A stranger was announced, of surly manner and unprepossessing aspect, who had introduced himself through the open door without so much as a knock, and then demanded to see ‘the missus’ without even the civility of sending in his name.
Such insolence was not to be tolerated, and Mrs Wylde, now thoroughly exasperated, but with slow and dignified steps, made her way to the hall, intending to give the intruder a suitable reception.
At the sight of him, however, she suddenly lost both her colour and her assurance, and sank upon a chair which the stranger politely proffered to her, together with a stamped document of which she knew the import only too well.
She saw before her ‘the man in possession’.
Mrs Wylde was great at ‘scenes’. She not only understood the business thoroughly and practised it to perfection, but she delighted in the performance. A scene with her was the display of high art. All women make scenes, and generally turn them to good account, but in Mrs Wylde's chequered career ‘scenes’ had been the leading incidents of her life. They were the battlefields on which she had achieved her greatest triumphs. She even made them with her husband. On the present occasion she felt thoroughly roused to action; her heart beat fast, her hands were clenched, her eyes filled with tears, and she was just about yielding to an impassioned outburst when a chilling thought checked her overflowing emotion—there was no audience present! Mrs Wylde realised acutely, even in the height of her distress, that it would be as useless as unbecoming to waste her fine feelings on a common bailiff. So she merely conducted him to a back parlour, set a bottle of whiskey before him, and bade him make himself at home and hold his tongue. And she even smiled on the ruffian, who had the cool audacity to wink at her in return.page 73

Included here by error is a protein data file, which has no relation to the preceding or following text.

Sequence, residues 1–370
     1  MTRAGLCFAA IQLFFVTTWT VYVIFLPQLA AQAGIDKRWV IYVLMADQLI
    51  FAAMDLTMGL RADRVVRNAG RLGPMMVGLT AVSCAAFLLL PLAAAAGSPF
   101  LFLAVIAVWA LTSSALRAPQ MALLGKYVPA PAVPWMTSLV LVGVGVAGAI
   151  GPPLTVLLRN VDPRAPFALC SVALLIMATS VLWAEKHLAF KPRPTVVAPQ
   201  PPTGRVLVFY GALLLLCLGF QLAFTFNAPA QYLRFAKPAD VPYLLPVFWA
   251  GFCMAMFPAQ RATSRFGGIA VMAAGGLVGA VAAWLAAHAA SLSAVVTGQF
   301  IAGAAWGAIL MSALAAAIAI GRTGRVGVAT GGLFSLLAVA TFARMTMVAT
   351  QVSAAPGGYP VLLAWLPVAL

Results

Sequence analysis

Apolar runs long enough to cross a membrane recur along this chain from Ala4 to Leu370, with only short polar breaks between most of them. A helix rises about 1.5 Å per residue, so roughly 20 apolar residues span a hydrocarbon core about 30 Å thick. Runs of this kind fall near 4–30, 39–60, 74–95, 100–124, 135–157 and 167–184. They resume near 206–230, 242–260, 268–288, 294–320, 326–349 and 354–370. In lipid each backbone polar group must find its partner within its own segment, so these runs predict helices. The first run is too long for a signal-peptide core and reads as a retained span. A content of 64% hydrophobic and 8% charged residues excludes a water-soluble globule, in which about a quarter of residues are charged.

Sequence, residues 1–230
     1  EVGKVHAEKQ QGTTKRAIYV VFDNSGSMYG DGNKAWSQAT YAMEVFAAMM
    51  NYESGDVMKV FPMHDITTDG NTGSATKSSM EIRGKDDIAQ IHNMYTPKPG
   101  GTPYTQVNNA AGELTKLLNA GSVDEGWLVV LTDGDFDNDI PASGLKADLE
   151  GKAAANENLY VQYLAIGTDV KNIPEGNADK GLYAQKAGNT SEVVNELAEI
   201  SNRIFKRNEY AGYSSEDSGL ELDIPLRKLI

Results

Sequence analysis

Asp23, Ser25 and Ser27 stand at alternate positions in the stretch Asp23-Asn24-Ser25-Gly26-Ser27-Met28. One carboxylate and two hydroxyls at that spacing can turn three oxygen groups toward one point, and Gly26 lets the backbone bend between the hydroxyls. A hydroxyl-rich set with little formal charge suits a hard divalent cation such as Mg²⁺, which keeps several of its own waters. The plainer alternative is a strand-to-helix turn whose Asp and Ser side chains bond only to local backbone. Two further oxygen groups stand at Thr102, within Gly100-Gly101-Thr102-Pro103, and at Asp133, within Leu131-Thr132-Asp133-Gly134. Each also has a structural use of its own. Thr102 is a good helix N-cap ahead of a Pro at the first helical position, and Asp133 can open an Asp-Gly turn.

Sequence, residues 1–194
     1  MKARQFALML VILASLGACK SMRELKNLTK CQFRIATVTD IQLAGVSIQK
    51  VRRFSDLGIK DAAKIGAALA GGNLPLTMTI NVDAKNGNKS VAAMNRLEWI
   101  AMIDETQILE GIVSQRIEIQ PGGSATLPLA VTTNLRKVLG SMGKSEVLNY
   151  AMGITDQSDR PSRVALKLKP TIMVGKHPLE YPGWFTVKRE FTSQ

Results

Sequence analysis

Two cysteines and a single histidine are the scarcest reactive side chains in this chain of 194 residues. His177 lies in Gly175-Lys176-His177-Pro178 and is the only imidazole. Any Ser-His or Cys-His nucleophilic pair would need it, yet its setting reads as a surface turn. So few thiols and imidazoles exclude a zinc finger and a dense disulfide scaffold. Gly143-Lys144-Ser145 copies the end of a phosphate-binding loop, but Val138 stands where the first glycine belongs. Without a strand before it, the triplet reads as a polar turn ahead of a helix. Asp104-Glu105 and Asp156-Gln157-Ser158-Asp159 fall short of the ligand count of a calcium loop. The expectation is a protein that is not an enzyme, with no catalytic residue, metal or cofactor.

It was just on top of all these trying events that the blustering Muster made his unwelcome appearance, accompanied by a stranger in a ‘jumper’ and knickerbockers and of no very distinguished aspect.
Mrs Wylde did not advance to receive the brotherly embrace which was cordially proffered to her, but standing aloof, with quivering lip and flashing eye, she sternly asked him what he wanted; and she was about to supplement the query with a few remarks appropriate to the occasion, when Tom silenced her with a look of intelligence, and then by whispering in her ear that his companion was a titled swell just out, with no end of money, on the look-out for suitable investments, and also one of her admirers, who was ‘struck on her’ and longing to renew acquaintance; this, with as many more lies as he could get in at one breath, without being overheard by his companion.
The sudden change that came over the lady's countenance was marvellous to behold; in a moment it was wreathed in smiles; she shook her finger with playful admonition at her scamp of a brother, patted his shaggy head and kissed him affectionately, then advanced with outstretched hand, in her most engaging manner to welcome her guest. She expressed, with an arch look and heightened colour, her delight at meeting him again; she had been wondering what had become of him, why he had not made his appearance before—in fact, she had been waiting for him.